The issue of subsidies to the aviation has been rumbling on for years. But it came something of a head when the World Trade Organisation WTO) delivered its findings on subsidies to Boeing and Airbus.
The WTO found that Boeing could not have launched the 787 without government, NASA and US Department of Defense subsidies has been hailed by Airbus as victory in its long-running dispute with its US rival over the legality of government aid.
The WTO, ruling on a European Union case against the USA – filed in response to a 2004 US complaint about state aid to Airbus to develop the A380 and other models – detailed “at least” $5.3 billion worth of illegal subsidies to Boeing in the 1989-2006 period. Without illegal state support the company could not have launched an aircraft as advanced as the 787 for delivery in 2008 as promised on launch four years earlier.
The public release of the ruling follows the WTO’s similar move in October 2010 on the US case against Europe, which found that Airbus could not have brought to market airliners of the quality that it has without state aid.
However, Boeing dismisses the $5.3 billion figure, putting the total at less than $2.7 billion against more than $20 billion received by Airbus, and both sides persist in fighting talk. Appeals look certain to keep the dispute going
Whatever the exact figures, it is clear there have been massive subsidies for aircraft manufacturers.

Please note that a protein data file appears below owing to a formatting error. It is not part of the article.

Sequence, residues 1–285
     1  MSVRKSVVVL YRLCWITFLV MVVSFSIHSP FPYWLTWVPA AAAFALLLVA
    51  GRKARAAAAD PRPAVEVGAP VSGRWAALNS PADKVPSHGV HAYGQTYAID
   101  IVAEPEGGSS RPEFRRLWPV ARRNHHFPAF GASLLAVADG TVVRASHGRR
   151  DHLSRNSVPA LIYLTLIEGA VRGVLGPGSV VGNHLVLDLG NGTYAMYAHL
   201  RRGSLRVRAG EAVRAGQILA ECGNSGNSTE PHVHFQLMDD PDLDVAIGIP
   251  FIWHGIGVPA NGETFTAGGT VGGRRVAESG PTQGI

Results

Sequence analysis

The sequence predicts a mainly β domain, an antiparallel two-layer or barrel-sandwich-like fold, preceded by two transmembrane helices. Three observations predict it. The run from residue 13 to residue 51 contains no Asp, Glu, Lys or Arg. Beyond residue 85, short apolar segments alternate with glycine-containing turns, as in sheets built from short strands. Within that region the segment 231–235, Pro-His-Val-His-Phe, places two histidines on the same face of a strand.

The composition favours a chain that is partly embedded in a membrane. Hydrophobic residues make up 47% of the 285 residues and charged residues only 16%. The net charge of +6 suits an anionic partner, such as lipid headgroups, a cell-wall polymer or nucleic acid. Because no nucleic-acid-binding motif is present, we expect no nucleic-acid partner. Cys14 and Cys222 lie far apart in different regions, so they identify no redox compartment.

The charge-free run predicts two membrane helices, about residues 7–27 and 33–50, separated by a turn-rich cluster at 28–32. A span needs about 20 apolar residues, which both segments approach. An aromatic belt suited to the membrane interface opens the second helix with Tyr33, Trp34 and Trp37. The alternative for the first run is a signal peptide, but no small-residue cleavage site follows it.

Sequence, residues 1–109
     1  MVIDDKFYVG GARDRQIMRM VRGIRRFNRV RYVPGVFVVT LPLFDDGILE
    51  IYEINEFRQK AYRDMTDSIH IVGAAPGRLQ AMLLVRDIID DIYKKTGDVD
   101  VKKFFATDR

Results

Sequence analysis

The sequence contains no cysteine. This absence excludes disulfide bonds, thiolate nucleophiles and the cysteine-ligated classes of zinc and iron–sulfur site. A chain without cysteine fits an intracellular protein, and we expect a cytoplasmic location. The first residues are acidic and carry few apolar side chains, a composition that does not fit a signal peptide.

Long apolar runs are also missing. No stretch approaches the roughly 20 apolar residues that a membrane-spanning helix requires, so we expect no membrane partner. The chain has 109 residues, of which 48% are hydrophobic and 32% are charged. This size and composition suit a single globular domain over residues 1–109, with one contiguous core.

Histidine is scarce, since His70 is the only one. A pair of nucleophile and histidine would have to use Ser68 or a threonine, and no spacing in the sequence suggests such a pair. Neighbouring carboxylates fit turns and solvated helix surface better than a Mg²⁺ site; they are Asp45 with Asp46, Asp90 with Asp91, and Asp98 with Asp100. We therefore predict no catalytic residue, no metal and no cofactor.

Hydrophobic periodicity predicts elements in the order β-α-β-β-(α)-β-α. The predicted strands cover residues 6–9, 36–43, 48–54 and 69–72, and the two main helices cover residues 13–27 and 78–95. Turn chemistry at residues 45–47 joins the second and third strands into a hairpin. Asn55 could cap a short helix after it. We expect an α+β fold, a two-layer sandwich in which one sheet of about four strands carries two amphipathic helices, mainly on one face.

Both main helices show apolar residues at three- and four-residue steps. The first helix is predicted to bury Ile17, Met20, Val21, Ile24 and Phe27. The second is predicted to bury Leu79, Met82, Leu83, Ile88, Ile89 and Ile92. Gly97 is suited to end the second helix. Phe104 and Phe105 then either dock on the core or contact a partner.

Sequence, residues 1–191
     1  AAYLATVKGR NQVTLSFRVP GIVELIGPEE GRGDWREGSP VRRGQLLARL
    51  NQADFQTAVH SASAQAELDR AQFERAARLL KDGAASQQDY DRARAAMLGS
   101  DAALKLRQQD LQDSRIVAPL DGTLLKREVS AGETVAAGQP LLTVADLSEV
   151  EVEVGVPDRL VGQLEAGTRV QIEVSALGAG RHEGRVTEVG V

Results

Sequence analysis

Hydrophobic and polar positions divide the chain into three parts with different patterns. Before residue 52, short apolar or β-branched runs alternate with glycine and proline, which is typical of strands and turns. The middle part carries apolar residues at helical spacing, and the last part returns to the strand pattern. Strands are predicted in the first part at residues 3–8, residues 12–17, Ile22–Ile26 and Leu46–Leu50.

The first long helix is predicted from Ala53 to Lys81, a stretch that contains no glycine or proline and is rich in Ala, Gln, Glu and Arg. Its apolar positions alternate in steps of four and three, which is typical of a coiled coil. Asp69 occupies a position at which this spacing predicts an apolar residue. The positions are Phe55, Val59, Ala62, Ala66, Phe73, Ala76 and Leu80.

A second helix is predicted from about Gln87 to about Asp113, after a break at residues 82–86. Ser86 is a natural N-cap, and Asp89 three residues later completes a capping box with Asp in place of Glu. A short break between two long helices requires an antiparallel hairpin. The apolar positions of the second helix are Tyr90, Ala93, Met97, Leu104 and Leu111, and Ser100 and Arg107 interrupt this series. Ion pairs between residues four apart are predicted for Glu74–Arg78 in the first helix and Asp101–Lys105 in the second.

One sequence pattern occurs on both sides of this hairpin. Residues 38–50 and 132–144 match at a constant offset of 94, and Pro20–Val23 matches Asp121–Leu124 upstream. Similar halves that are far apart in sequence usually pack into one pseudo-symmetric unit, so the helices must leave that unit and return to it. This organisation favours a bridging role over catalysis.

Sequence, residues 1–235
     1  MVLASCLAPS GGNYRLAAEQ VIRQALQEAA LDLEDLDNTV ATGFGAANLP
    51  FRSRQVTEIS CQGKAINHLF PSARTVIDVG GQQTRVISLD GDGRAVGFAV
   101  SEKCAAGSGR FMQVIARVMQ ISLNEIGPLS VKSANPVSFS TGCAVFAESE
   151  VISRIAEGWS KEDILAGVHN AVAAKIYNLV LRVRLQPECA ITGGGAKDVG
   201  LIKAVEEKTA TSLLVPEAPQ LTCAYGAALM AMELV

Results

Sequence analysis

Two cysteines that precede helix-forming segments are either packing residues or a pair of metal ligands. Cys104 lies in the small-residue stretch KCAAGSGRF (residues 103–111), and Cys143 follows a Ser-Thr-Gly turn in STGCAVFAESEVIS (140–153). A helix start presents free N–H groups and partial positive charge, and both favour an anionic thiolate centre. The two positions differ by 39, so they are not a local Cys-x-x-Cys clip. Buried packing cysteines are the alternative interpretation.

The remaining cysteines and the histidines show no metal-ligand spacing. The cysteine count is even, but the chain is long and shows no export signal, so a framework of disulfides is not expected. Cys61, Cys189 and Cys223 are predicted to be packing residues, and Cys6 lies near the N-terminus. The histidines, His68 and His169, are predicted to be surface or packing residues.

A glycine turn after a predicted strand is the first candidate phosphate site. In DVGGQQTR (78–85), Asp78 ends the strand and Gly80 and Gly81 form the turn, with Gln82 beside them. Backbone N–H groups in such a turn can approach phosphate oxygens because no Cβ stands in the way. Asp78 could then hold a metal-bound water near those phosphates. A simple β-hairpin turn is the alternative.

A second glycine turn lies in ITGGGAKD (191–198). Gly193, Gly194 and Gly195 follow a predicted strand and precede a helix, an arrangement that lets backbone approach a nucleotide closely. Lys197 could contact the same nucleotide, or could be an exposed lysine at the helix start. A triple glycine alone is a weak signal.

The debate has spilled over into the British press – see letter in the Financial Times:
Sir, How odd that Ulrich Schulte-Strathaus of the Association of European Airlines says that “airlines and their customers pay, in full, for their infrastructure” as his first defence against the suggestion that airlines benefit from a massive tax subsidy (Letters, April 13).
If that is the case, you have to wonder why, as the FT reported last week, the European Commission has just announced a wide-ranging review of state aid to airlines and airports “Aviation sector aid under EU scrutiny”, April 7). In 2006, Lufthansa (who should know) estimated state aid to airlines in Europe since 1991 was worth €20bn. And there’s been plenty more since then as governments across the continent have rushed to subsidise new regional airports and new routes, with the European Commission cheering them on
Meanwhile airlines have benefited from subsidised aircraft thanks to billions of euros of government support in the form of cheap loans and direct subsidies to Airbus and Boeing: the icing on the cake.
International Coalition for Sustainable Aviation,